Former U.S. Secretary of Defense Donald Rumsfeld once managed to reduce the breadth of human knowledge into three forms:
“There are known knowns,’’ Rumsfeld said. “These are things we know that we know. There are known unknowns. There are things that we know we don't know. But there are also unknown unknowns. There are things we don't know we don't know.”
Truer words were never spoken, no matter how confusing they may be.
It is with that thought in mind that Spectrem conducted a study of Millionaire financial literacy. In The Financial Literacy Gap Among Millionaires, Spectrem asked investors about their financial education background, how they educate themselves on financial matters today, and whether they depend on their advisor to provide education as part of their duties.
But the study also gave investors a small test of their financial knowledge, and the results were noteworthy not only for the investors who answered questions incorrectly, but for those who admitted “I Don’t Know".
“There are questions among advisors about the role they should play in educating investors on matters of financial and investment topics," said Spectrem president George H. Walper Jr. “This study reveals how investors feel about advisors as educators, but also gives some indication of how much financial knowledge investors might need or are missing out on.”
In Spectrem’s study of investor portfolios – Asset Allocation, Portfolios and Primary Providers – 26 percent of all investors claimed to be “very knowledgeable” about investments and finances and 55 percent self-described as “knowledgeable”. Only 19 percent placed themselves in the “not very knowledgeable" or “not at all knowledgeable” categories.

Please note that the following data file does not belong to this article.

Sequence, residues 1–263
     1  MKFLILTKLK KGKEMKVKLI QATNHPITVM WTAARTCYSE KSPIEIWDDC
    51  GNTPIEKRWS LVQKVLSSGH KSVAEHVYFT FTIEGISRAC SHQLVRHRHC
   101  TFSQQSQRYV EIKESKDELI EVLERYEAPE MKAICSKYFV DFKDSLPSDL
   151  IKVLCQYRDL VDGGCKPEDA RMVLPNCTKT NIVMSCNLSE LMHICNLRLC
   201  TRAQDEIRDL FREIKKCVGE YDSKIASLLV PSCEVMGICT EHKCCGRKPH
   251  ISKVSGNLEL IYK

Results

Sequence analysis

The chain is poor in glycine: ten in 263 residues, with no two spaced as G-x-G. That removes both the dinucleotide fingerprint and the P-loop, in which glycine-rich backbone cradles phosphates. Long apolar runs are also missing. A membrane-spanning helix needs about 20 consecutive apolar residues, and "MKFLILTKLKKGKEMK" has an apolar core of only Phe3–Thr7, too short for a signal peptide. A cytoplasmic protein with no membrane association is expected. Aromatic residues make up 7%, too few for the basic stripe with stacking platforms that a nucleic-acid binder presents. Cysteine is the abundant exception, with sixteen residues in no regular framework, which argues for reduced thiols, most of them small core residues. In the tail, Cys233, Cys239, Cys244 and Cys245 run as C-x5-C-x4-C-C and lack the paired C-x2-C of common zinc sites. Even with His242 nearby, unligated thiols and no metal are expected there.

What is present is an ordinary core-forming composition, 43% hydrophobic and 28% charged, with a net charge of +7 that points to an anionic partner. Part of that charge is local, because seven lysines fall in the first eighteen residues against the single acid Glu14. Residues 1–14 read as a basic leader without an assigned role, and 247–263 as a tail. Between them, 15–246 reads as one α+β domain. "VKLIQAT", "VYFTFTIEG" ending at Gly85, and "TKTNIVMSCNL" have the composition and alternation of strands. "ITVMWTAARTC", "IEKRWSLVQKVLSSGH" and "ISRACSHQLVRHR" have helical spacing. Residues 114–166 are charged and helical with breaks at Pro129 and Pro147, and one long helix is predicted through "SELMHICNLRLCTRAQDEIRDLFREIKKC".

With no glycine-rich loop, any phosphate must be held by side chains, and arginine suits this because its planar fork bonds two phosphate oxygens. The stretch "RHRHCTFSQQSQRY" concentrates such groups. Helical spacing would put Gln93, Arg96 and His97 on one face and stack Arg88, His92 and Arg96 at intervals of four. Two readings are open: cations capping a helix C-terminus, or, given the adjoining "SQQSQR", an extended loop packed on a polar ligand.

So that equates to 81 percent of all investors claiming some level of financial literacy.
Yet, in The Financial Literacy Gap, more than 50 percent of investors did not know the definition of the investment terms “alpha” and “beta”. Alpha is the historical measure of an asset’s return on investment compared to the risk-adjusted expected return, and beta measures how an asset moves relative to an index benchmark.
Those are definitely technical terms related to investment strategies. Investors could easily make wise investments and have an income-producing portfolio without knowing those terms.
But that data flies in the face of the self-held opinion that investors are knowledgeable or very knowledgeable about financial topics.
Should your investors know what “alpha" and “beta" mean? Perhaps not. Perhaps only the wealthiest or most active investors would benefit from that knowledge. But is it an advisor’s task to ensure investors understand those terms?
The definition of a fiduciary is a hot topic in investment circles, especially among investors with retirement funds. Asked to select the definition of a fiduciary out of a list of five possible answers, only 56 percent selected the correct answer, 36 percent got the wrong answer and 9 percent admitted not to know.
Does any of this matter when it comes time to advise investors about portfolio decisions? That may depend on the investor and it may depend on the advisor, but it is a topic of conversation for investors and advisors to discuss.
Top Takeaways for Advisors
Your firm may have a policy regarding investor education, and may have a library of informative articles to be used when an investor has a specific question. But advisors would be wise to make sure their library is up-to-date on key questions, because the field of investment strategies is a fluid one, and new questions crop up on a regular basis.
©2018 Spectrem Group